Residents have been asked to be on their guard against the outbreak of a deadly ash tree disease which has now spread to parts of Lincolnshire.
South Kesteven District Council has issued the warning after it was confirmed the disease ash dieback, which has devastated ash populations in northern and Eastern Europe, has been found in the county.
Diseased trees had initially been confirmed in East Anglia and in a car park in Leicester, but it has now spread to Horncastle and Wragby in the north of the county.
An unprecedented survey of Britain’s established woodlands has uncovered the disease in 115 sites: 15 nurseries, 39 planting sites and 61 locations in the wider environment.
There are no confirmed sightings within the Mercury area but residents are being warned about the issue.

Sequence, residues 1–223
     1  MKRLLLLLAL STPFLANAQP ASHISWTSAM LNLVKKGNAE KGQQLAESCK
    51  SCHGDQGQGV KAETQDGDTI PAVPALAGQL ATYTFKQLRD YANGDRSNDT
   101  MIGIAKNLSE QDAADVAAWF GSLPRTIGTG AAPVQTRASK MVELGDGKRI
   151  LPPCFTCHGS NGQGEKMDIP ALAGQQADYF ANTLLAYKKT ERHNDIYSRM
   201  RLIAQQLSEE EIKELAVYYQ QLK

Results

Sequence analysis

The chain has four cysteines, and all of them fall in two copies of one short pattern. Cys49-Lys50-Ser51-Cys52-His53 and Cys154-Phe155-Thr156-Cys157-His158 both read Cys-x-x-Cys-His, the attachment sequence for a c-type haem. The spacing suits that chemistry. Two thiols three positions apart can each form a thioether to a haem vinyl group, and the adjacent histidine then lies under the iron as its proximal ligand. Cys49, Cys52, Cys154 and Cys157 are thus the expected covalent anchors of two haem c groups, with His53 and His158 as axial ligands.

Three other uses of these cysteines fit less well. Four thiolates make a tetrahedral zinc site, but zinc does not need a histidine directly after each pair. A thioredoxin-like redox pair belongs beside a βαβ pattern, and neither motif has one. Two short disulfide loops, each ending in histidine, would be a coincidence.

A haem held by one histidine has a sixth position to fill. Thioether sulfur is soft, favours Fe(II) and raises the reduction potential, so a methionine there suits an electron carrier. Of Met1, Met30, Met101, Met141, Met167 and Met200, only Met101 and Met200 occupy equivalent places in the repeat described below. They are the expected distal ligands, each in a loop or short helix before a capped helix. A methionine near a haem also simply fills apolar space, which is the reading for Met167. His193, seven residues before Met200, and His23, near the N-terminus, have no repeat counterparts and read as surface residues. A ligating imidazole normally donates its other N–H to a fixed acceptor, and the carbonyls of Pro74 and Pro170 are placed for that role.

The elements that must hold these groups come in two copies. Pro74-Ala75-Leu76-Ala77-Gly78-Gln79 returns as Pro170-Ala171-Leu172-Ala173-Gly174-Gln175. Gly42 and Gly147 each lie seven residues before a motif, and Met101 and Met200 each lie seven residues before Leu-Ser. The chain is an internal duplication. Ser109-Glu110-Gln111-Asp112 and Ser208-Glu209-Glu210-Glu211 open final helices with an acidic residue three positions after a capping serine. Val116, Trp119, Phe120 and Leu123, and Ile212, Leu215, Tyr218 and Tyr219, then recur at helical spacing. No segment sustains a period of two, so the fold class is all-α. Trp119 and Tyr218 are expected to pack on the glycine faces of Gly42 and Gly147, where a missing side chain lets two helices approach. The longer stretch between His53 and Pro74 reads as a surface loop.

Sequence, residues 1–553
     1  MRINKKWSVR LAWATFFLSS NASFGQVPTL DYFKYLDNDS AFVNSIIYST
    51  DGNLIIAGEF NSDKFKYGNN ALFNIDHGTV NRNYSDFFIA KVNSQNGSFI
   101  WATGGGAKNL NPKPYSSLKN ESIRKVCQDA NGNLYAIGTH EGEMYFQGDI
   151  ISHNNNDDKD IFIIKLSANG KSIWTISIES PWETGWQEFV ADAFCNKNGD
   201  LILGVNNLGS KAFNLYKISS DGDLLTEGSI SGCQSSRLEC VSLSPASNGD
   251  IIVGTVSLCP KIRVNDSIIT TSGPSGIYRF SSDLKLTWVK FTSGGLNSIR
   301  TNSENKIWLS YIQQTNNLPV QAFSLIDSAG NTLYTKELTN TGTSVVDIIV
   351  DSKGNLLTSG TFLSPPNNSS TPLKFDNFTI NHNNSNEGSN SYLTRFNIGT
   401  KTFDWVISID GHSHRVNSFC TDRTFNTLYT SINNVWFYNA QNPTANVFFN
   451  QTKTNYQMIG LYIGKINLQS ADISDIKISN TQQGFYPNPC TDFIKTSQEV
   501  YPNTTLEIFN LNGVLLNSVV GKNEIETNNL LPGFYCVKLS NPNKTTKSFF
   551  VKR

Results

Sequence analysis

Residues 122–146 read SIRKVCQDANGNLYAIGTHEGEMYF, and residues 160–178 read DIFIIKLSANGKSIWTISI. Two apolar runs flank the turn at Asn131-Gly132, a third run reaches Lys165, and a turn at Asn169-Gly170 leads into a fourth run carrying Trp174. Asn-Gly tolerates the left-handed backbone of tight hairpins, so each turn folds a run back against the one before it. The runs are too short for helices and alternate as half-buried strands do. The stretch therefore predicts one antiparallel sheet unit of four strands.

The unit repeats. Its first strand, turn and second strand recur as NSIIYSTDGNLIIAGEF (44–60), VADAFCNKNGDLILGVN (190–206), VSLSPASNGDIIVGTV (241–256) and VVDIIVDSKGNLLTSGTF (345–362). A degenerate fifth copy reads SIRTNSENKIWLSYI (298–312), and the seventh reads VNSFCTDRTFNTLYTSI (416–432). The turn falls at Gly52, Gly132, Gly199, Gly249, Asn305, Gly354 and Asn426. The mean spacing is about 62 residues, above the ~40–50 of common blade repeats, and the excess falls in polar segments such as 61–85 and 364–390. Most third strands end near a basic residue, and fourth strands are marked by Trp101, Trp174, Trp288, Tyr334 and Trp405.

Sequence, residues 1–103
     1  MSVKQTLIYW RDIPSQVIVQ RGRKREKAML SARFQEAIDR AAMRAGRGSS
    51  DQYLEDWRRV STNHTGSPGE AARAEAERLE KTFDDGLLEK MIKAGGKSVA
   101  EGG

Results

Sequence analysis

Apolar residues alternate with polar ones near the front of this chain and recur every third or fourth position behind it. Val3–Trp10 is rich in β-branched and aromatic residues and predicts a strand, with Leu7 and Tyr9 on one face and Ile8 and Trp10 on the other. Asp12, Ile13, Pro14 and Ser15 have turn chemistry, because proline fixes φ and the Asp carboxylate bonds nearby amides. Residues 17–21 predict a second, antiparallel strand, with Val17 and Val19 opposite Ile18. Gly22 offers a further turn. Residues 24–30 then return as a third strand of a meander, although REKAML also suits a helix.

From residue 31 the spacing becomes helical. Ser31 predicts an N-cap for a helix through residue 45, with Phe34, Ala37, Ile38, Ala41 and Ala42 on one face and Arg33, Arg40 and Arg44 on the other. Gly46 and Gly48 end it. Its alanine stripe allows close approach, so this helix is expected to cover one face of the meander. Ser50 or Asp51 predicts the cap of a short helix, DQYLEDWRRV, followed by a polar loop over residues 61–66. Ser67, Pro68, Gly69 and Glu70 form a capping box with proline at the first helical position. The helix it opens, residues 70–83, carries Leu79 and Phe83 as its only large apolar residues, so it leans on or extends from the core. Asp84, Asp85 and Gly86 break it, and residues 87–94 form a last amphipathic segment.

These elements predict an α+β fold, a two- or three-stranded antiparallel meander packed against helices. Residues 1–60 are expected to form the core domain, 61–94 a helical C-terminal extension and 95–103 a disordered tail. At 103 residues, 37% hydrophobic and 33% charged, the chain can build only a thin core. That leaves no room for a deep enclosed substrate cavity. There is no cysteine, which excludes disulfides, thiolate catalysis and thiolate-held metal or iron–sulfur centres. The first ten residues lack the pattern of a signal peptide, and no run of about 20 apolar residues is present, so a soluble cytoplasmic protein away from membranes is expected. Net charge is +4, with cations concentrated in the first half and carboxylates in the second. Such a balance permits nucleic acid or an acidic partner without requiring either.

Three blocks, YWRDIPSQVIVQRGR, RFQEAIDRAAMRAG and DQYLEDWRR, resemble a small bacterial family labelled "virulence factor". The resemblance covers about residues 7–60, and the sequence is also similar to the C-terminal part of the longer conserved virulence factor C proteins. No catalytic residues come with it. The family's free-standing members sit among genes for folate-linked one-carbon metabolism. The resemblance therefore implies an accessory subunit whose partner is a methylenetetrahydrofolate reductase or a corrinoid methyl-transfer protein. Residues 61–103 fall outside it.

Grounds maintenance coordinator for the council, Lynne Le Coute, said: “Large woodlands are likely to be the worst affected but the disease can also pose problems to gardeners.
“The fungus kills 90 per cent of the trees it affects so it is vital that we do all we can to stop it spreading.”
Ash dieback, which is known by its scientific name as Chalara fraxinea, affects trees of all ages. Young trees can be killed in one season and older trees tend to succumb after several seasons of infection.
Symptoms of the disease include black blotches on the leaves, often at the leaf base and midriff, which will also wilt, and on the stems small lens-shaped lesions or necrotic spots appear on the bark of stems and branches and enlarge to form perennial cankers. If the bark is peeled, the wood underneath has a brownish to grey discolouration. This discolouration extends beyond the bark tissue.
People who think they have spotted ash dieback should call the Foresty Commission on 0117 9066000.
For more information about the disease and a map of infected sites, visit www.forestry.gov.uk/chalara